need 'fact1'. And 'fact2' only says, that the lecturer is not
    able to explain, what a linear space is or what a linear equs
    are.

    What a sad curriculum: drilling students without ever giving
    them a chance to understand.
     
    Axel Vogt, Jan 19, 2011
    #7
  8. khosaa

    Bart Goddard Guest

    (Michael Stemper) wrote in
    No. The original question wasn't "how to do you multiply cA",
    but "how do you explain to a student that writing cA doesn't
    violate the matrix multiplication rule about sizes." Often,
    students ask questions that are too hard for them. Sometimes
    it's best to just give them something "sort of true" to tide
    them over till they know better. Further, we don't have to
    multiply cI. This is just me using a text-based notation for
    the matrix with c's on the main diagonal and zeros elsewhere.
    There's a matrix action which scales all the row vectors by c.
    The matrix which does this is cI. We abbreviate this action
    by writing cA.

    This is similar to answering a toddler's questions about
    where babies come from. You can tell them a tiny true
    thing (like "mommies' tummies") and they're completely
    satisfied for many years. A long dissertation about
    the functions of genitalia would do no good.
     
    Bart Goddard, Jan 19, 2011
    #8
  9. khosaa

    khosaa Guest

    I think there are times when it is useful. I can't recall the exact
    application, but I know it comes in handy in performing some necessary
    matrix manipulations necessary in statistics.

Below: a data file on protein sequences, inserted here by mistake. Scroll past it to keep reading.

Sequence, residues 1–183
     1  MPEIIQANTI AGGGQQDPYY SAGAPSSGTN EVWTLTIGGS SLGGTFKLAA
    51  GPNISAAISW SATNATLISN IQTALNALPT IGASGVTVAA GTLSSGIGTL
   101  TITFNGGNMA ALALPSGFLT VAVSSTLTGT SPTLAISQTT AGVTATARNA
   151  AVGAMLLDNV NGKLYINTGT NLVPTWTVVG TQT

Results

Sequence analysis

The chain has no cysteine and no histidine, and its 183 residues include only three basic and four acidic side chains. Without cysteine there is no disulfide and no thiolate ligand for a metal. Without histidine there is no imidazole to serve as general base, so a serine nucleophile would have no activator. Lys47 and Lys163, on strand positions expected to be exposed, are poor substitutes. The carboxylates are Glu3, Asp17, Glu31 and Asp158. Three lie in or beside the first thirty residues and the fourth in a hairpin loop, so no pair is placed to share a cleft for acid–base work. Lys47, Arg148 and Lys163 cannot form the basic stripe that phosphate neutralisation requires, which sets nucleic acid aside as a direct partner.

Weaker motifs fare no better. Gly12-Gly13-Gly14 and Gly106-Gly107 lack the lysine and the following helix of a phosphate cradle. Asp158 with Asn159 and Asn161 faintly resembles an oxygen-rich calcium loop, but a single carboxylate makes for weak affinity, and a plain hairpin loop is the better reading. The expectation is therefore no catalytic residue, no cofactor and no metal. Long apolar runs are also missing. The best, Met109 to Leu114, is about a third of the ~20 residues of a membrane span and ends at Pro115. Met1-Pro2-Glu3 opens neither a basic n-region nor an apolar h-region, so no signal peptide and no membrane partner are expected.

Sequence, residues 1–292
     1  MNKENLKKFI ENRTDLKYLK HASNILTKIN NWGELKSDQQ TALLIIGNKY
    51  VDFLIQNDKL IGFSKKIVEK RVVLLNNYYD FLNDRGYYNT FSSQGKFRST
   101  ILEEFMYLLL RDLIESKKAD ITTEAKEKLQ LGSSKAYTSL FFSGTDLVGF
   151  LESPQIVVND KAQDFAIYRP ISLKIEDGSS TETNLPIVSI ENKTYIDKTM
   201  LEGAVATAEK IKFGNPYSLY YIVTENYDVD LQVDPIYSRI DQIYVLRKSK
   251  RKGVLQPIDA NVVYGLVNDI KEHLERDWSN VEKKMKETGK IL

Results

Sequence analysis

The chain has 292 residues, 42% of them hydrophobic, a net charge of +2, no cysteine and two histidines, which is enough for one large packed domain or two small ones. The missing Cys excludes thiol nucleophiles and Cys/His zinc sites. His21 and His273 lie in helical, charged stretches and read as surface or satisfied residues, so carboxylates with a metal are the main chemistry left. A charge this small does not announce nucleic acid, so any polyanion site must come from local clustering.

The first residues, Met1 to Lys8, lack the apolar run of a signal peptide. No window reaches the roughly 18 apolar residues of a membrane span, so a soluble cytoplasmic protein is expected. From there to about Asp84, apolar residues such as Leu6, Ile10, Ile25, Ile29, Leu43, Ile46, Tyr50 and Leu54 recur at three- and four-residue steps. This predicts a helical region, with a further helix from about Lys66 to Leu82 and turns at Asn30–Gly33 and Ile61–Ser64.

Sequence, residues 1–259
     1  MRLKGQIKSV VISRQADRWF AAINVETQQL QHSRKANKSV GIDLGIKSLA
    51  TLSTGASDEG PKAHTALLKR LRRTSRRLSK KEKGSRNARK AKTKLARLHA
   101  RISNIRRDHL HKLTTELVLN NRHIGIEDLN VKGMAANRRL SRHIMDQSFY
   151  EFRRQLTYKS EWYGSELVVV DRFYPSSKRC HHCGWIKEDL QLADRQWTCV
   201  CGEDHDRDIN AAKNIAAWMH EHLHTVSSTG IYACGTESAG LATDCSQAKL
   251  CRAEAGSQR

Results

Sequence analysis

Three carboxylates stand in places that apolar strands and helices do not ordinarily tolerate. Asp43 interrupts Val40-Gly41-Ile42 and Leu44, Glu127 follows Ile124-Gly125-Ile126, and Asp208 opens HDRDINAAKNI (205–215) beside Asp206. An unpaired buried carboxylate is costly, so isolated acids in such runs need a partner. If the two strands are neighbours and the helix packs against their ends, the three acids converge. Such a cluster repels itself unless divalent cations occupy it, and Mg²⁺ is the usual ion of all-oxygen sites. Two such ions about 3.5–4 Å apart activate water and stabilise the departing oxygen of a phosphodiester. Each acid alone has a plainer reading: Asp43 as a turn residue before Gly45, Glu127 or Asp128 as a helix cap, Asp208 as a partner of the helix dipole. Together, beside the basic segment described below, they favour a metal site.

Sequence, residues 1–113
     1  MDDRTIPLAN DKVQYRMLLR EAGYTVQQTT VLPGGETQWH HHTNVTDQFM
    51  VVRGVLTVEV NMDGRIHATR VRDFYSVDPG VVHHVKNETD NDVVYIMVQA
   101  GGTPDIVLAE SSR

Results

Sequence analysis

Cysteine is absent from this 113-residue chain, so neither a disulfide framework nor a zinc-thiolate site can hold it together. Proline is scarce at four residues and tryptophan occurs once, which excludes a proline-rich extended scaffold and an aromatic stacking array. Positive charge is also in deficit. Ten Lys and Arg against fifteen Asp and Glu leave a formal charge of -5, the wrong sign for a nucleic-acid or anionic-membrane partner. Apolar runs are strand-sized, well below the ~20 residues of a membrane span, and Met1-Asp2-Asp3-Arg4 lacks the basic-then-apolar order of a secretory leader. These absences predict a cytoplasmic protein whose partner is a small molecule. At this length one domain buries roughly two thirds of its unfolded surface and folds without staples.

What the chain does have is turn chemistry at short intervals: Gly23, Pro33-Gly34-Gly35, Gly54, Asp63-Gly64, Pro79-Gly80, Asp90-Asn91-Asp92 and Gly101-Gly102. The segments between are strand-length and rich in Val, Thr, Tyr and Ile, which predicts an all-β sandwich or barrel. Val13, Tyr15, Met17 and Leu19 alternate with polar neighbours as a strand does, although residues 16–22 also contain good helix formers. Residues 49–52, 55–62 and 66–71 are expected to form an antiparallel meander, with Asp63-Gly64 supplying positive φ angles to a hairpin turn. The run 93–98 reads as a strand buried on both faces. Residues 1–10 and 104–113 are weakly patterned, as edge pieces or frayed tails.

khosaa, Jan 20, 2011
    #9
  10. khosaa

    khosaa Guest

    Thank-you for the clarification. So the best thing to do is not even
    state "fact 2", sice it is not a fact. Considering the fact that it
    adds little to the students understanding that is useful, it is best
    to simply stay clear of the whole issue.

    Fran
     
    khosaa, Jan 20, 2011
    #10
  11. khosaa

    achille Guest

     
    achille, Jan 20, 2011
    #11
  12. As others have stated, "Fact 2" shouldn't be used. I never learned to
    associate scalars with 1x1 matrices.
    If you insist on relating back to older concepts, rather than just
    defining scalar multiplication of matrices, then I suggest you use the
    distributive rule.
    You can analogize this was:
    multiplication is distributive over addition: a (b + c) = ab + ac. You
    take each term in the sum and multiply it by the constant value
    outside.
    Similarly, for cA, you multiply everything inside the matrix by the
    constant value outside. Multiplication "distributes" over a matrix's
    elements
     
    The Qurqirish Dragon, Jan 20, 2011
    #12
  13. khosaa

    Jeff Johnson Guest

    It's called context and there is no doubt. They are two different operations
    that are both well defined and lead to no inconsistencies. Is there any
    doubt that a*V is valid when a is a scalar and V is a vector? If you don't
    question that then you shouldn't question it if V was a matrix.

    Scalar multiplication is a short hand for multiplying all the elements(which
    generally are scalars) by the scalar.

    a*B is "shorthand" for

    [a*B11 a*B12 a*B13 .... ]
    [ ... ]
    [a*Bn1 a*Bn2 a*Bn3 .... ]

    A*B is not "shorthand" for

    [A*B11 A*B12 A*B13 .... ]
    [ ... ]
    [A*Bn1 A*Bn2 A*Bn3 .... ]

    Although if you wanted you could define it that way... no one would get it
    unless you told them that is what you mean and then they would still
    probably get confused if you used the same symbol.

    Again though, why make it complex. You could have asked the same question
    about vectors. If the "student" doesn't get confused about scalar
    multiplication in a vector space then he shouldn't get confused with
    matrices. If he's getting confused about it with matrices then he doesn't
    really understand it vectors.
     
    Jeff Johnson, Jan 21, 2011
    #13